Unlike fading clouds formations which are in danger of disappearing from memory, masterpieces such as Leonardo da Vinci's Mona Lisa and photographs of Marilyn Monroe and Marlon Brando are deeply embedded in popular consciousness. However, Muniz's depictions of these images rework the iconography in non-traditional mediums that match the content of the image itself. For example, his 2004 portrait of Marilyn Monroe, titled Marilyn Monroe (Pictures of Diamonds), is made of diamonds—a reference to her famous song 'Diamonds are a Girl's Best Friend'. In his 'Pictures of Dust' series (2001), Muniz replicates the works of various famous mid-century American artists—such as Donald Judd's Untitled (1965) and Richard Serra's Prop (1968)—in dust collected from the Whitney Museum of American Art in New York. Discussing the piece in his Joseph M Cohen Family Collection biography, Muniz said: 'Dust is pieces of hair and skin. I think people scratch their heads a lot in museums; that gets mixed with the residue from the artworks themselves. That's the ultimate bond between the museum visitor and the artwork'.
In the past decade, Muniz has extended his visual repertoire from contemporary culture to more personal encounters. In his series 'Pictures of Garbage' (2008), he photographed garbage pickers he met at an open-air dumpsite just outside Rio de Janeiro called Jardim Gramacho. However, he retains his interest in iconography by staging the pickers as the subjects of classical portraits, such as the French revolutionary leader Jean-Paul Marat from Jacques-Louis David's Death of Marat. Details of the images were accented with the garbage the models had scavenged. In the accompanying documentary film Waste Land (2010), directed by Lucy Walker, Muniz states that he aimed to 'change the lives of people with the same materials they deal with every day'. Indeed, due the critical acclaim and success of the documentary, the artist and the filmmakers have donated more than $300,000 to the pickers' community in Jardim Gramacho.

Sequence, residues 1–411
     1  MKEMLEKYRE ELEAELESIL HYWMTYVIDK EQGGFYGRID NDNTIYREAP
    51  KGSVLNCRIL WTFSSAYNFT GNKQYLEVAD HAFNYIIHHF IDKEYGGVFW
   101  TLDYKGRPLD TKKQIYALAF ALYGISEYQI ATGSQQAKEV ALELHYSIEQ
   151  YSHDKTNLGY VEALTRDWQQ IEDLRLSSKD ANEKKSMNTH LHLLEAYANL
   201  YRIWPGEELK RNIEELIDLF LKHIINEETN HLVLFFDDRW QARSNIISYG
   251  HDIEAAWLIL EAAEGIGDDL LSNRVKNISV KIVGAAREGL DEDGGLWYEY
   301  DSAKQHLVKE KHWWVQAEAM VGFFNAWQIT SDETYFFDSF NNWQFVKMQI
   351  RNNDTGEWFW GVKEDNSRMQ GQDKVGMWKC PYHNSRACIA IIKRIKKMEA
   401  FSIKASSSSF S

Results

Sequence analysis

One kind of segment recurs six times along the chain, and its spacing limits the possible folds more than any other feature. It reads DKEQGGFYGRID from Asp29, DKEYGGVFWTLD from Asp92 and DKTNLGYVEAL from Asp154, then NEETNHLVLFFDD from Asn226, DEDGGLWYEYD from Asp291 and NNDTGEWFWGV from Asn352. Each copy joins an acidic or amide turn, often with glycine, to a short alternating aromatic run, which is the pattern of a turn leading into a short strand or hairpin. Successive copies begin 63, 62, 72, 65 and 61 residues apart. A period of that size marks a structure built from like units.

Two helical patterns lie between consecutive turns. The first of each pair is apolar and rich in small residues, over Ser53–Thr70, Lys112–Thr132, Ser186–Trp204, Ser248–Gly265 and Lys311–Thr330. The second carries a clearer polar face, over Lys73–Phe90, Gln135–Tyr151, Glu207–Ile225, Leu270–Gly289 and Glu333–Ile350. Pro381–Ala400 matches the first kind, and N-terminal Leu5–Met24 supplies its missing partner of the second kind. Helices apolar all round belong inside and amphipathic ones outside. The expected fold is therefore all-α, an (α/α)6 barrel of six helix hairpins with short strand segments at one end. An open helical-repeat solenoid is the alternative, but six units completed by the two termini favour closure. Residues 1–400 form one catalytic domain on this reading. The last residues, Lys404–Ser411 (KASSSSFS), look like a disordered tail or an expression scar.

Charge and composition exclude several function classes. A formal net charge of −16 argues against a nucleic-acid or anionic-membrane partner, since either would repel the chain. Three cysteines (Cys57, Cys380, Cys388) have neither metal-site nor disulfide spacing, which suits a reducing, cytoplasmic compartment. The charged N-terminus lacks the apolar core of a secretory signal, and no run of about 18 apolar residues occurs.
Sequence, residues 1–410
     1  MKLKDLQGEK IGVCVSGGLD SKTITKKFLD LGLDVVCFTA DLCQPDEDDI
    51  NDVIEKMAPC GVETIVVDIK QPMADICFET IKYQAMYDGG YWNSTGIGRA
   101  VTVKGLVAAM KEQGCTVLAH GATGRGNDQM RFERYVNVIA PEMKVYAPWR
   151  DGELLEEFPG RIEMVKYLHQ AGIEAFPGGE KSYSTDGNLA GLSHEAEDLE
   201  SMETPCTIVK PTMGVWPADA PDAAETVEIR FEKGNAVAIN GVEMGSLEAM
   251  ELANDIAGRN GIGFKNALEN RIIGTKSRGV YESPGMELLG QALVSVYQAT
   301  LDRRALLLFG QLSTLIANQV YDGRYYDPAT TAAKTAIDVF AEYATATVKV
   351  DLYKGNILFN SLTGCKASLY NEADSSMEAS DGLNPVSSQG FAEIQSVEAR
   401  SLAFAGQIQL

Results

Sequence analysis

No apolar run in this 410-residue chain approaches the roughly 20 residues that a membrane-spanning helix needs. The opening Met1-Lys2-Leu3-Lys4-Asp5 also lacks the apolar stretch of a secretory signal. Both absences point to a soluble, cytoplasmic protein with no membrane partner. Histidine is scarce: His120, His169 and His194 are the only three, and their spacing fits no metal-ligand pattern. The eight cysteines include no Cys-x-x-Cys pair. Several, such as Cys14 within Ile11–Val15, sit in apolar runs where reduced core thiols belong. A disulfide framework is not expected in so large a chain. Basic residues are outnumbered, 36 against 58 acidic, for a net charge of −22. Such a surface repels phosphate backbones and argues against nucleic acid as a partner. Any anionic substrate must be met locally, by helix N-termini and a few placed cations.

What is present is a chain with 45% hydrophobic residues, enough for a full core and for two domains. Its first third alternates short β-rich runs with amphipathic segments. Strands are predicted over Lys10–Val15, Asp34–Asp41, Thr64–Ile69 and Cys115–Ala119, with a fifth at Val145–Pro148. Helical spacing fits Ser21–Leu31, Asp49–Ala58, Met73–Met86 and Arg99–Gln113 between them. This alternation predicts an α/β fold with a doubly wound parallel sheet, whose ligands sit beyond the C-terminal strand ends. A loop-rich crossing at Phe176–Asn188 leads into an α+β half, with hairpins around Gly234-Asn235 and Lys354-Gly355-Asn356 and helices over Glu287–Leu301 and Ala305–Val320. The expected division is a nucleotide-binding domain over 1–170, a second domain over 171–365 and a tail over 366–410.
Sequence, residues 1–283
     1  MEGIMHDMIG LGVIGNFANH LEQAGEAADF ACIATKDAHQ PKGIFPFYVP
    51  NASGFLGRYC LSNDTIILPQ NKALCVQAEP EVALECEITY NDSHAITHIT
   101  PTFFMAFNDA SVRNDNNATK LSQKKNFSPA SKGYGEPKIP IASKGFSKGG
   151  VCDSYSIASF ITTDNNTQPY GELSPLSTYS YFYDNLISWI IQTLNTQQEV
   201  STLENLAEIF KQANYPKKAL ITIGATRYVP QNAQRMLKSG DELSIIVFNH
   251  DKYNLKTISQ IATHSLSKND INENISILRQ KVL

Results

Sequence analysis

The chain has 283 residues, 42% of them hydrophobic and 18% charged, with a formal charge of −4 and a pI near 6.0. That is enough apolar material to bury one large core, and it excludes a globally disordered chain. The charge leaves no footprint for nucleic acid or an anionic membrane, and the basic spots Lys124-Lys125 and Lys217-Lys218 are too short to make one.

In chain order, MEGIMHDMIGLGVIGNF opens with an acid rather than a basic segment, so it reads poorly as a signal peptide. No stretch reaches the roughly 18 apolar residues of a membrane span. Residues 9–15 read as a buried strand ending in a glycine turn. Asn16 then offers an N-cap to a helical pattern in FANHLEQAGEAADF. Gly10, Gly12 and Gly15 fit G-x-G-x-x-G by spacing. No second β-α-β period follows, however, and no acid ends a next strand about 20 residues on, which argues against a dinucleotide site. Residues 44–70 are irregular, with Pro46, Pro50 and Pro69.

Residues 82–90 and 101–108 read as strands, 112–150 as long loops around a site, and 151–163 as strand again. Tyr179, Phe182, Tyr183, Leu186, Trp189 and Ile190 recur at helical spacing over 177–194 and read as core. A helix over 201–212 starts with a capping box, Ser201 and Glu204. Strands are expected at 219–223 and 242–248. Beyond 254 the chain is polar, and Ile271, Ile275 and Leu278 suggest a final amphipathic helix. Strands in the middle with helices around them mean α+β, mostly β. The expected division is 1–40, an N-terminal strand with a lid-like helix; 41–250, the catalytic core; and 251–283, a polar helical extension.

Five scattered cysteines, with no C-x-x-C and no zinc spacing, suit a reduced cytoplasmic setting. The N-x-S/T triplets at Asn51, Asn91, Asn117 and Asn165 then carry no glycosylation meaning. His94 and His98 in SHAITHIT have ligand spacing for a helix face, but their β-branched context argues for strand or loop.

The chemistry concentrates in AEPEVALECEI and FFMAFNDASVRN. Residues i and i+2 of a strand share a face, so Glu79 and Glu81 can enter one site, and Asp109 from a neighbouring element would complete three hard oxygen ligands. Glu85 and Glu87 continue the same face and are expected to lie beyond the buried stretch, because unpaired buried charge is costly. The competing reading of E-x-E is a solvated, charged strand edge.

Muniz splits his time between Brooklyn and Rio de Janeiro.
Not Vital is in the habit of stressing that he isn't an architect. 'I never went to architecture school,' he told me the last time we met in Bataan, where he'd just completed a chapel that resembled an Aztec temple but contained a deconstructed rendering of The Last Supper and a statue of a local harvest deity. 'That's why I'm so free to do this.'
There was a point where Lucia Koch was disturbed by the fact that most approaches to her works took them only as expressions of atmospheric changes on spaces and the alterations that light, modulated by filters, produced on human perception.
With just about three months to go, the 13th Havana Biennial is taking shape.Opening April 12 and running through May 12, Cuba's most important art event is expected to once again bring the international art world to Havana.Postponed due to damage from Hurricane Irma in 2017, the 13th edition expands the Biennial's reach in Havana and around the...
Hélio Oiticica (1937 – 1980) is a now integral part of the New York art scene, in large measure thanks to his 2017 retrospective at the Whitney, To Organize Delirium, which provided New Yorkers with an opportunity to experience him in full.